In this major study, Peter Zarrow examines how textbooks published for the Chinese school system played a major role in shaping new social, cultural, and political trends, the ways in which schools conveyed traditional and 'new style' knowledge and how they sought to socialize students in a rapidly changing society in the first decades of the twentieth century. Focusing on language, morality and civics, history, and geography, Zarrow shows that textbooks were quick to reflect the changing views of Chinese elites during this period. Officials and educators wanted children to understand the physical and human worlds, including the evolution of society, the institutions of the economy, and the foundations of the nation-state. Through textbooks, Chinese elites sought ways to link these abstractions to the concrete lives of children, conveying a variety of interpretations of enlightenment, citizenship, and nationalism that would shape a generation as modern citizens of a new China.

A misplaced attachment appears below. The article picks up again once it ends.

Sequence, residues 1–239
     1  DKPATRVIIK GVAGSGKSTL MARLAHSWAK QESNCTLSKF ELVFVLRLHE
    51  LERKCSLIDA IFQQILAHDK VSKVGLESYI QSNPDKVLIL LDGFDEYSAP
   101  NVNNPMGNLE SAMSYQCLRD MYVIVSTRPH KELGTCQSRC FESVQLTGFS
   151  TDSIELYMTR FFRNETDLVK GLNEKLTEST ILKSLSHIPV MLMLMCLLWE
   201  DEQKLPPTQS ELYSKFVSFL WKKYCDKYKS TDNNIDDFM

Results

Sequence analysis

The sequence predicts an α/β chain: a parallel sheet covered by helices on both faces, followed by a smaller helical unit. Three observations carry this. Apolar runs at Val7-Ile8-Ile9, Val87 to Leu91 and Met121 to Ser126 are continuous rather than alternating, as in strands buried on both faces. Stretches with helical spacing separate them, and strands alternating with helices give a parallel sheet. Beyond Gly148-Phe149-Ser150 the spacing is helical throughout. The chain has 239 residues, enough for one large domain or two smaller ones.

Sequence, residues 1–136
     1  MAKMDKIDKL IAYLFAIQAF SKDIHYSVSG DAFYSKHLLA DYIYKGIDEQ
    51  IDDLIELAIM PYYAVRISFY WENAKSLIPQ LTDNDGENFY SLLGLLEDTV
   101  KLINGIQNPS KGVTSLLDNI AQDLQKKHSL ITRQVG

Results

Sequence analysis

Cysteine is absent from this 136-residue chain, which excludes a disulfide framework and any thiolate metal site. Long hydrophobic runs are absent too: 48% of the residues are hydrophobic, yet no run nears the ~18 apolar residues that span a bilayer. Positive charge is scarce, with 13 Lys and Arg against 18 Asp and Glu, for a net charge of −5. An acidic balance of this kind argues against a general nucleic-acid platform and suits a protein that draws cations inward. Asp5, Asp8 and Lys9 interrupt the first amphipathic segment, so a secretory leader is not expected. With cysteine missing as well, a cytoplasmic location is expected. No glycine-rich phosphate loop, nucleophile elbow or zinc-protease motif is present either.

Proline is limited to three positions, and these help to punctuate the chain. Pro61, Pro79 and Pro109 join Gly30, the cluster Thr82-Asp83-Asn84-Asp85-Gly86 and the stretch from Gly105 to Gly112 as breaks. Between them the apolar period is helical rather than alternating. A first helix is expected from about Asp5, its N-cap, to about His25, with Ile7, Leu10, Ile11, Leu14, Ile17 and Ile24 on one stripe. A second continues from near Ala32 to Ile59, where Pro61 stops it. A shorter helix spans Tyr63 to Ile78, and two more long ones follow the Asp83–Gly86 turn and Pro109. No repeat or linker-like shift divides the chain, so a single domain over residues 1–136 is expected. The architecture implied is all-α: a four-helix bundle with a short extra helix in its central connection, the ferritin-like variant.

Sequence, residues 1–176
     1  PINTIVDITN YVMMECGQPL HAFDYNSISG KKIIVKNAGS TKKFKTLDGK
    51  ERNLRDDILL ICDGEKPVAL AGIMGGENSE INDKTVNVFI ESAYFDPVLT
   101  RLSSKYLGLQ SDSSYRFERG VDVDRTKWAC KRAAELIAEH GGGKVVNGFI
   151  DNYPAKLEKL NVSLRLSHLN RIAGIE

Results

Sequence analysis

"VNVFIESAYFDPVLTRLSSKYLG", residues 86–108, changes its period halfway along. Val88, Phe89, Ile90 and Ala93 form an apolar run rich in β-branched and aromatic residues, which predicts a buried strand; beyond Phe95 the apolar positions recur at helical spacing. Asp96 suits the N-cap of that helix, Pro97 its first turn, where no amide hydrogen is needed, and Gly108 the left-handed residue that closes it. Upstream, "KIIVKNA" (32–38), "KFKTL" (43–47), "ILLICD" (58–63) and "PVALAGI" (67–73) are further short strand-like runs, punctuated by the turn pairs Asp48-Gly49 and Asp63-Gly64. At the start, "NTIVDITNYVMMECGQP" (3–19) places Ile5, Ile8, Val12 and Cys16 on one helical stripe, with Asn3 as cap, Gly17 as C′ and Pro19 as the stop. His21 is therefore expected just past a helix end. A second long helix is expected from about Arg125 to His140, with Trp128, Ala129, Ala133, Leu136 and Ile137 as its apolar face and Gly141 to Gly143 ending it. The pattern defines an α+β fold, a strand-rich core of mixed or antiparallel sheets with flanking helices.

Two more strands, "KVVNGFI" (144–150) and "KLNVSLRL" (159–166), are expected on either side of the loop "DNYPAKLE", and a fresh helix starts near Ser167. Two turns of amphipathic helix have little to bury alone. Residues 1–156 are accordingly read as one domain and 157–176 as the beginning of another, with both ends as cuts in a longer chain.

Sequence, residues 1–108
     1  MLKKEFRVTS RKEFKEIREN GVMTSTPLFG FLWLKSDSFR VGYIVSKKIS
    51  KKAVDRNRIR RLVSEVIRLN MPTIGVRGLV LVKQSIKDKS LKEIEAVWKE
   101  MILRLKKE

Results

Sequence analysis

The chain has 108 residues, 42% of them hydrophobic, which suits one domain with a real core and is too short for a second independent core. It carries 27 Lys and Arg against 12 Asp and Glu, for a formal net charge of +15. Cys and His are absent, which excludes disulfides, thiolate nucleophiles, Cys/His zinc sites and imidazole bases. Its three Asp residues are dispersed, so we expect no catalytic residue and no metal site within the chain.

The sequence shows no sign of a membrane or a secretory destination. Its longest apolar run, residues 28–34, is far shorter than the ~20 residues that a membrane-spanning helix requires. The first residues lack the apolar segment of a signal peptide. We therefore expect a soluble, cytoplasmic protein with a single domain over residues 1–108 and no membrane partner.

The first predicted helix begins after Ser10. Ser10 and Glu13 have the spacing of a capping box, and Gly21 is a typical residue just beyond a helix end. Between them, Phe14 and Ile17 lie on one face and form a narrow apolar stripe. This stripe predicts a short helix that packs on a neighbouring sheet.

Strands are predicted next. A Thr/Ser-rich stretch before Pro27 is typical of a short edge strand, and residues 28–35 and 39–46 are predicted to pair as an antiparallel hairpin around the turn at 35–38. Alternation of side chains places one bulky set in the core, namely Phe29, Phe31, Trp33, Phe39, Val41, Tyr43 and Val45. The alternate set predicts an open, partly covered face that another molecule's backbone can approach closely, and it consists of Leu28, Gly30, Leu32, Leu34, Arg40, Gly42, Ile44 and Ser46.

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Peter Zarrow is a professor in the Department of History, University of Connecticut, where he focuses on the intellectual and cultural history of modern China, and an adjunct research fellow at the Institute of Modern History, Academia Sinica. His 2012 work, After Empire: The Conceptual Transformation of the Chinese State, 1885-1924, won the First Scholarly Monograph Award in the Humanities and Social Sciences, Academia Sinica. He has been a visiting scholar at the British Academy, L'Ecole des hautes etudes en sciences sociales, and the Institute for Advanced Study (Princeton), and served as Hu Shi Memorial Chair Professor (Academia Sinica) in 2013.